California 84 is separated into two sections. The most well-known section is a major east-west route through the San Francisco Bay Area that uses the Dumbarton Bridge to provide the most southerly crossing of San Francisco Bay. California 84 starts its journey at the coast near San Gregorio, then crosses the Santa Cruz Mountains as a two-lane road on its way to Redwood City (Interstate 280) and Menlo Park (U.S. 101). The highway then crosses the bay via the multilane Dumbarton Bridge, adn it meets Interstate 880 in Newark. Reverting to a two-lane highway, California 84 passes through Sunol (Interstate 680) before terminating at Interstate 580 in Livermore. The eastern terminus may be shifted out of Livermore depending on a reconstruction project of the connection between Interstate 580 and California 84.
A second section of California 84 begins in obscurity along California 12 in Rio Vista in the California Delta region (formed by the Sacramento and San Joaquin Rivers entering the San Francisco Bay). California 84 resumes as a north-south route, this time heading north along the western banks of the Sacramento River (parallel to California 160) all the way to Sacramento. The state highway ends at its interchange with Interstate 80 north of West Sacramento. Through Solano County, California 84 is signed and postmiled. In Yolo County, California 84 is only postmiled. The overhead signs on Interstate 80 and Business Loop I-80/U.S. 50 do not mention California 84 (which is known as Jefferson Avenue in the metropolitan area).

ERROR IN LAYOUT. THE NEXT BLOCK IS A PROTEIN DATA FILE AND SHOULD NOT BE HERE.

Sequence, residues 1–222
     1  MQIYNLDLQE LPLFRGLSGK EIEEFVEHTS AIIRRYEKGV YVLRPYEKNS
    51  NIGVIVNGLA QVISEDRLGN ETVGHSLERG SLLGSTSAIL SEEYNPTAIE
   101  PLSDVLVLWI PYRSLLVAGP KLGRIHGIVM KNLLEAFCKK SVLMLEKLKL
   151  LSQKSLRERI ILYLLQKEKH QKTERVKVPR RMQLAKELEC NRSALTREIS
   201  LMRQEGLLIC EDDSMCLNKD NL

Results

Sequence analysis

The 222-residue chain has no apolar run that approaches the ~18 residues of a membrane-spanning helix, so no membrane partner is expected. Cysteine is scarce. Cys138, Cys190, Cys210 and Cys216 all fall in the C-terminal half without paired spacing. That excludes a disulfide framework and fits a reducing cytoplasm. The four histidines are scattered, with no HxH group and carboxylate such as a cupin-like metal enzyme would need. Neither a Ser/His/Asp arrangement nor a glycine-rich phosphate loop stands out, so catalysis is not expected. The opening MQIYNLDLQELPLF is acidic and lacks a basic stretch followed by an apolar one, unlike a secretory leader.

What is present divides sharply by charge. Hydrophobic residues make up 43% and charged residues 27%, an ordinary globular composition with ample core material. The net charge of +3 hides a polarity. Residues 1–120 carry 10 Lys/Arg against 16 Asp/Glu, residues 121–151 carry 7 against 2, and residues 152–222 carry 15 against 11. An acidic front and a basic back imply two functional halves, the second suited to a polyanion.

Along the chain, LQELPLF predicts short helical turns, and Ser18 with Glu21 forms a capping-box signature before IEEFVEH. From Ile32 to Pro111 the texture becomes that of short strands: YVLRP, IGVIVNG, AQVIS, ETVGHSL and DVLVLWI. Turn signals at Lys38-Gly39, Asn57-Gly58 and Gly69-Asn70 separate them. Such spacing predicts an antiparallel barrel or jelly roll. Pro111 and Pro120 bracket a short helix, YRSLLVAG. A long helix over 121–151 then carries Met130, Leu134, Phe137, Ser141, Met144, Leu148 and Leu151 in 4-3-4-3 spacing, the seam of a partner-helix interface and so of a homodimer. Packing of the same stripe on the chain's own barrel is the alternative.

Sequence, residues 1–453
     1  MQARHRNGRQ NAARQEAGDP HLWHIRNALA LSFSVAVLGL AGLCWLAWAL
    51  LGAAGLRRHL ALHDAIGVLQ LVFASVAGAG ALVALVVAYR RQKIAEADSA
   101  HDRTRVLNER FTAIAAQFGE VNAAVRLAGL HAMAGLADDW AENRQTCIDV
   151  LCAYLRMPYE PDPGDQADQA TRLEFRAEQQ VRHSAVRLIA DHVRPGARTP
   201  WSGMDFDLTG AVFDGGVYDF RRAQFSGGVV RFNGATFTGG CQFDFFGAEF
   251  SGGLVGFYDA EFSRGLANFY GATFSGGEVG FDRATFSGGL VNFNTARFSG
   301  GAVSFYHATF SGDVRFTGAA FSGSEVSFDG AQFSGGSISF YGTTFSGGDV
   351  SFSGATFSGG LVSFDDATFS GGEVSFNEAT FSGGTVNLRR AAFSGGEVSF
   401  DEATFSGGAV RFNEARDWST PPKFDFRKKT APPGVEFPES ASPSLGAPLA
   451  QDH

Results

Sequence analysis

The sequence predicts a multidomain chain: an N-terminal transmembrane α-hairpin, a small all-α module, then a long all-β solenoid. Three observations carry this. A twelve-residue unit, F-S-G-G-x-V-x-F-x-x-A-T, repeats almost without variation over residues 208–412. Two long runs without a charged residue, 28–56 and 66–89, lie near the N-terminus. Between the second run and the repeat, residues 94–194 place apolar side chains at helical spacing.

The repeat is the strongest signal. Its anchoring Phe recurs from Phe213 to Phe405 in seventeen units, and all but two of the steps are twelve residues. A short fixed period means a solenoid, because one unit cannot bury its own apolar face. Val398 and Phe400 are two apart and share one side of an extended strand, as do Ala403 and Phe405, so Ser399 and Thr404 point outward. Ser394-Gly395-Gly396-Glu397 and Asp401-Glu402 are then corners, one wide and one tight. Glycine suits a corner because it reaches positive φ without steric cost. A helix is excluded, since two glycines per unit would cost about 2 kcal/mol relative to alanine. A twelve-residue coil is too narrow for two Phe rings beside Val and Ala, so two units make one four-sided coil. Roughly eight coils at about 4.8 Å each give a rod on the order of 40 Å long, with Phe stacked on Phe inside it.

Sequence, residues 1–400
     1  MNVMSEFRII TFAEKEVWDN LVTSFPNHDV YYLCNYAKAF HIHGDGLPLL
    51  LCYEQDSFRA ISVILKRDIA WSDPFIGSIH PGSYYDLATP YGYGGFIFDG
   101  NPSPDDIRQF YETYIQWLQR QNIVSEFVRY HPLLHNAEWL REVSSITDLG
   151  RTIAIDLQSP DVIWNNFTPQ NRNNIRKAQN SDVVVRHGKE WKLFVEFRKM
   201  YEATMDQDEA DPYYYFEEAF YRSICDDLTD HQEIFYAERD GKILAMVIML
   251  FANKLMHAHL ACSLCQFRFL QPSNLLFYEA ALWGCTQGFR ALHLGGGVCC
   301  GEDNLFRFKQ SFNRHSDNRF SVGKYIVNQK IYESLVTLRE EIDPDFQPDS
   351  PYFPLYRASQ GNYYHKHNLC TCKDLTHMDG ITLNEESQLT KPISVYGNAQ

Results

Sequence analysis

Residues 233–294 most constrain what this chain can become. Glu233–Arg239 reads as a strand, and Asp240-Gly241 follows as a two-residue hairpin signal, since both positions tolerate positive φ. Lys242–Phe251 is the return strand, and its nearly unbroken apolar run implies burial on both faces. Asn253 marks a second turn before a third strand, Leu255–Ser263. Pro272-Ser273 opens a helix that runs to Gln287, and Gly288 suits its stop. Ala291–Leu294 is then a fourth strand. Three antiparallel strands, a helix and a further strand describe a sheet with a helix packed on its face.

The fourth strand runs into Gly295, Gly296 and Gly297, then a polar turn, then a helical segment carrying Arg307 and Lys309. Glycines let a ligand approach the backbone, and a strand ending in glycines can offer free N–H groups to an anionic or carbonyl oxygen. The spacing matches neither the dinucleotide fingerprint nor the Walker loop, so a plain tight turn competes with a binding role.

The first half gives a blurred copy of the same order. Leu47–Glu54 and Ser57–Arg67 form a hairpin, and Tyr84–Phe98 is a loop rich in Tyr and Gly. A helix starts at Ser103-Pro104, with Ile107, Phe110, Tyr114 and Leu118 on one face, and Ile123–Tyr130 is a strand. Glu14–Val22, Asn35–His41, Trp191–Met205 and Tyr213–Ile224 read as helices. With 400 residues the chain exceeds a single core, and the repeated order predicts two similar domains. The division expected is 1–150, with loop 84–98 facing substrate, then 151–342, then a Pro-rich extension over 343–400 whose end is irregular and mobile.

The two sections of California 84 are proposed to be joined, and plans are now being considered for upgrading the Vasco Road corridor. A connection may be constructed along Vasco Road based on actions taken in 2003 to connect the two sections by the California Transportation Commission. The defunct Mid-State Toll Road was an early 1990s proposal for the missing section of California 84.
In addition, a proposed realignment and straightening of California 84 through Fremont and Union City is proposed via Decoto Road, Paseo Padre Parkway, and a new "84 Parkway" that would connect to California 238/Mission Boulevard at the current Appian Way intersection in Union City. With this change, California 84 would no longer follow the maze of city streets through residential parts of Fremont.1 California 84 would no longer share alignment with Interstate 880, be consistently six lanes betwee Interstate 880 and Paseo Padre Parkway, and link with California 238 as a four-lane parkway. The route would have at-grade intersections and expressway characteristics.
California 84 Highway Guide